Have you ever been served soup at a friends house and said “wow, this is great whats in it?” They look at you laughing and say “I just cleaned out the fridge”. Yeah, hard to believe that one. So I decided to give it a shot. Where I live every thursday is garbage day and I always clean out the refridgerator. My problem is I buy too much produce and never get it all used. I end up tossing it. This week I was determined not to waste a thing. Here is a soup I eneded up making. I had the following things, 4 baby bella mushrooms, 1 turnip, 1 Yellow squash, 1 shallot, 1 clove of garlic, a small bit of fresh ginger root, 2 rubbery carrots, 1/4 a head of cabbage, 1 handful of thick asparagus, small bunch of fresh green beans, 1 large sweet potato, 1 small leek, 1 green onion, 2 stalks of rubbery celery, 1 lb of cooked hamburger(rinsed of fat), 1 small bottle of opened white wine(3 days old) and the following fresh herbs, Parsley, thyme, tarragon, marjoram. I placed the vegetables in my dutch oven minus the herbs, scallions and hamburger meat. I poured in 7 cups of cold water with 2 tablespoons of the wine and brought it to a boil. I reduced heat to a simmer and covered with a lid for 15 minute. I took lid off and added the meat, herbs, green tobasco sauce, kosher salt and black pepper to taste. I simmered it uncovered for 5 more minutes and it was done. I served it to myself with freshly grated parmesan and a little bit of fresh marjoram. I must admit it was a little bland the first night but, the 2nd and 3rd it was fully developed. I later put a couple of spoonfuls of steamed white rice into a bowl of it and I was very happy with it. Then it was gone. So the next time you clean out the fridge think twice before you waste a thing. You could have a fine meal waiting to be made. Enjoy.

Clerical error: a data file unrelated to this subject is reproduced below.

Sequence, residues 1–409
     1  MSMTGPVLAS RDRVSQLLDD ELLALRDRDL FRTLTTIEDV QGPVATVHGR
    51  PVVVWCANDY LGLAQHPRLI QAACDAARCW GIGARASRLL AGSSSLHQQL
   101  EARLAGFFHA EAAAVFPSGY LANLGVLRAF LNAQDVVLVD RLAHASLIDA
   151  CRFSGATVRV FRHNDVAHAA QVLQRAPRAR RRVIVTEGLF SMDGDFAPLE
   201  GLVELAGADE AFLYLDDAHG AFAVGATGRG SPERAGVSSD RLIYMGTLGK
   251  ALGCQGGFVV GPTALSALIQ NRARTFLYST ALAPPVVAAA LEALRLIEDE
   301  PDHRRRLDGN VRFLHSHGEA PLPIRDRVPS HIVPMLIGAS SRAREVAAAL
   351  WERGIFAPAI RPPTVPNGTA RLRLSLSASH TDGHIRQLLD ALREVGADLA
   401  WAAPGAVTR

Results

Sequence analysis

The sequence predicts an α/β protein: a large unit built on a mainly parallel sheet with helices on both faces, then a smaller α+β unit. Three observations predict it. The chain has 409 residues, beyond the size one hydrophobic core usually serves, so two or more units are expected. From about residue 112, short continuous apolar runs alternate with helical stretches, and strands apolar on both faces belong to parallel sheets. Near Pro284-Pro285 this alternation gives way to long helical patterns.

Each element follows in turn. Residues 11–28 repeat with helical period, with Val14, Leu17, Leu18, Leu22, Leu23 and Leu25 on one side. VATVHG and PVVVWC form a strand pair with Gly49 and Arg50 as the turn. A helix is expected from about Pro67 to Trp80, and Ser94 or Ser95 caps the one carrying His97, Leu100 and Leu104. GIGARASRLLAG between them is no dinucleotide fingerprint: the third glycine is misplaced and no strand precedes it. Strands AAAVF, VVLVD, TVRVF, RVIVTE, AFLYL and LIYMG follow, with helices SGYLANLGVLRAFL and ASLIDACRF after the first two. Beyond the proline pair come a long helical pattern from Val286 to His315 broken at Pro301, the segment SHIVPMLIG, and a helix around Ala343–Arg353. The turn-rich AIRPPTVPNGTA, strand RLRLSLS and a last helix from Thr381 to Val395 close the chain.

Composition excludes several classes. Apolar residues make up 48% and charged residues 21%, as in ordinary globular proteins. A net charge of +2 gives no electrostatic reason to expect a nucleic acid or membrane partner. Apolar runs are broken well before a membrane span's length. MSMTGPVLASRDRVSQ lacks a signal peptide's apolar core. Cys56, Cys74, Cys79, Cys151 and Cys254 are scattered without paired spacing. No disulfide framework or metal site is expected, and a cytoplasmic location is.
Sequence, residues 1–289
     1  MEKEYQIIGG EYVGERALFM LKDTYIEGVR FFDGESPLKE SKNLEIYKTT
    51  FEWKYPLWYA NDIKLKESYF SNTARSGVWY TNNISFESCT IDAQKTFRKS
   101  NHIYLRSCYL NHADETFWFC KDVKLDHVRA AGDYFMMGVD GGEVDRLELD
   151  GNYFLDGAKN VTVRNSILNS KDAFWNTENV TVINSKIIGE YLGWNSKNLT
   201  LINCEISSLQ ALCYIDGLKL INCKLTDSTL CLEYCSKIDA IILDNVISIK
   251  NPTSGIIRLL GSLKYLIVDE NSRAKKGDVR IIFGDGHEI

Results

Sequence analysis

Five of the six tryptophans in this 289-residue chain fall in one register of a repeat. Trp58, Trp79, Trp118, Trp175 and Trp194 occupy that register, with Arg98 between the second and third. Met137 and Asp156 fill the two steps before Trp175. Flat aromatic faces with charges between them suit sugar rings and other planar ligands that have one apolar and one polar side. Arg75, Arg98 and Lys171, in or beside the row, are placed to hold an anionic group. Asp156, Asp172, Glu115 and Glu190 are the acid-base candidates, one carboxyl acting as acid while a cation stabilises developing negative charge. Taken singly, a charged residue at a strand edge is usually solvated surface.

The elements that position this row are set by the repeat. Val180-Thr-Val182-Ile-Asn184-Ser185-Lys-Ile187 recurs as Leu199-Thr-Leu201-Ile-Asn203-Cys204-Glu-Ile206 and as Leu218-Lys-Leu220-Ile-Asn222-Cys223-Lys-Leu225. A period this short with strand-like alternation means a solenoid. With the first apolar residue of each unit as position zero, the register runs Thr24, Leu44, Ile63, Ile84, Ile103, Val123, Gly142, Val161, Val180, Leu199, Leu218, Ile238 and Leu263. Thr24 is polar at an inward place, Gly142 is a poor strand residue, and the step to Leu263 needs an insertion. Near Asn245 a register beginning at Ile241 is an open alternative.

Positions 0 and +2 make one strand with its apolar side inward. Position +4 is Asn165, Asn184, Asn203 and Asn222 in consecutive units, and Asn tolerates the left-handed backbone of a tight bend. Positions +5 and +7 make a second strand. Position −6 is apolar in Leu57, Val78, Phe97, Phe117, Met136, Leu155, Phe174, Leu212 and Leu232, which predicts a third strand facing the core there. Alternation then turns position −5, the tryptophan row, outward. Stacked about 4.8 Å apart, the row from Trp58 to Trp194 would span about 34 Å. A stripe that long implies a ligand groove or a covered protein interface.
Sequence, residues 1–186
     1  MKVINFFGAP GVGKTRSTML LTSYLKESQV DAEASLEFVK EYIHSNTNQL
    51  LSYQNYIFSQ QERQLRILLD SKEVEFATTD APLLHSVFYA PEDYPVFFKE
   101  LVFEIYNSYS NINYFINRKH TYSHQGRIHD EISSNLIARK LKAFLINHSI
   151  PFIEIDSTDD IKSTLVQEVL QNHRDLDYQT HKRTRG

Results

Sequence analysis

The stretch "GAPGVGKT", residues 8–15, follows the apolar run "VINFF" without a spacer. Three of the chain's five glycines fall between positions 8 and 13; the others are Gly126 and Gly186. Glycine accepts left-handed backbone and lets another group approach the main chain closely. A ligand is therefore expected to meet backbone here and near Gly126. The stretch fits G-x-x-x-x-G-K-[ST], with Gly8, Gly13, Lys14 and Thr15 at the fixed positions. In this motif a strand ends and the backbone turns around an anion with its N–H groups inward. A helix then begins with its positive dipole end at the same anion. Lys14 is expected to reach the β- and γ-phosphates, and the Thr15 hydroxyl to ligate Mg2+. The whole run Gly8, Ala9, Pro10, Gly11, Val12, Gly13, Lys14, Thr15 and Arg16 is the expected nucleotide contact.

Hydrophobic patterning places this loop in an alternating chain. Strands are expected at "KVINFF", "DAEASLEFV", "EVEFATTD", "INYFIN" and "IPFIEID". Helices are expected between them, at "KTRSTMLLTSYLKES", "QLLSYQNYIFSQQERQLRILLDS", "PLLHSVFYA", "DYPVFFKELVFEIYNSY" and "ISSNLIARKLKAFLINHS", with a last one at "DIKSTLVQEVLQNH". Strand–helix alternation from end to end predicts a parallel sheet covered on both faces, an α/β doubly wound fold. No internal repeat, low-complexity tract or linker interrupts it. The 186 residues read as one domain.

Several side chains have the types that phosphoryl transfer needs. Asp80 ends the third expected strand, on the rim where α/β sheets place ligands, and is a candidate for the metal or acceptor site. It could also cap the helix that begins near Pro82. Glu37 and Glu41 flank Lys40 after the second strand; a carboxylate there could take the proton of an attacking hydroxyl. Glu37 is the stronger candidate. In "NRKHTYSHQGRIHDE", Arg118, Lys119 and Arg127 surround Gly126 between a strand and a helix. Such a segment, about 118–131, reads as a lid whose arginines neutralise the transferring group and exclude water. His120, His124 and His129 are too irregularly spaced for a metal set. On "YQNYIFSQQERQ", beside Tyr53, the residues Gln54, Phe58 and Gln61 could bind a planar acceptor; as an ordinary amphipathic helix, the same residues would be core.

A batter bread is a yeast dough that you don’t have to knead or shape. You can bake in any oven proof dish you desire and that is the shape it will take. This recipe uses two metal coffee cans. This is a cool idea for many reasons as you will see. After you bake the breads you can also store them back in the can. here is how things turned out for me. Proof the yeast in your mixing bowl with 1/2 cup of warm water and 1 tablespoon of sugar for 15 minutes. Then Stir in 2 tablespoons of honey (or use sugar again), 1 and a 1/2 cups of warm milk, 1 teaspoon of salt and 2 tablespoons of oil (I used canola). Lastly, beat in all purpose unbleached white flour one cup at a time until stiff and heavy (4 to 4 and a 1/2 total). Grease insides of cans and lids as well ( I forgot to and it stuck). Divide batter in half, pour into the cans and cover with the lids. This is the coolest part because the lids will pop when the dough has risen to the right height or 45 minutes has passed. Do not wait too long after this to start baking. I forgot to preheat my oven to 350 degrees and those extra 10 minutes were a bit much. Bake on bottom rack of oven for 45-50 minutes. The tops will get really brown. When you remove from the oven put the cans on a cooling rack and brush tops with butter if you like. Cool for 5 minutes and try to loosen the mushroom shaped top with a pairing knife (you may have to cut some of it off). The can is still very hot so use a towel to hold it while you gently shake it loose. I was suprised at how soft this bread was and after it cooled off the bread was still pretty soft. I think because I did over proof it one of the breads had a large pocket of air in it. The flavor was really good and I ate a little more than I should have! As an after thought you could put this in the freezer after you put the lid on for the rise. when thawing it out on you counter it will take around 4 or 5 hours to pop. The hardest part about this whole thing was finding a metal coffee can.